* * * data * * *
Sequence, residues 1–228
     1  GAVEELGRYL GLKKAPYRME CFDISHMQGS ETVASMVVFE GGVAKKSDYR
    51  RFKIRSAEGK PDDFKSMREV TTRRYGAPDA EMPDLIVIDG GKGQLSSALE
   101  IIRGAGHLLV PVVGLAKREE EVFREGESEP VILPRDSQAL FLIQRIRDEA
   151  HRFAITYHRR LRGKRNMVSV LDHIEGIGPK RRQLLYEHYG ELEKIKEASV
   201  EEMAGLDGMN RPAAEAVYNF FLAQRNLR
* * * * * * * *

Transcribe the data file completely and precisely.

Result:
Sequence, residues 1–228
     1  GAVEELGRYL GLKKAPYRME CFDISHMQGS ETVASMVVFE GGVAKKSDYR
    51  RFKIRSAEGK PDDFKSMREV TTRRYGAPDA EMPDLIVIDG GKGQLSSALE
   101  IIRGAGHLLV PVVGLAKREE EVFREGESEP VILPRDSQAL FLIQRIRDEA
   151  HRFAITYHRR LRGKRNMVSV LDHIEGIGPK RRQLLYEHYG ELEKIKEASV
   201  EEMAGLDGMN RPAAEAVYNF FLAQRNLR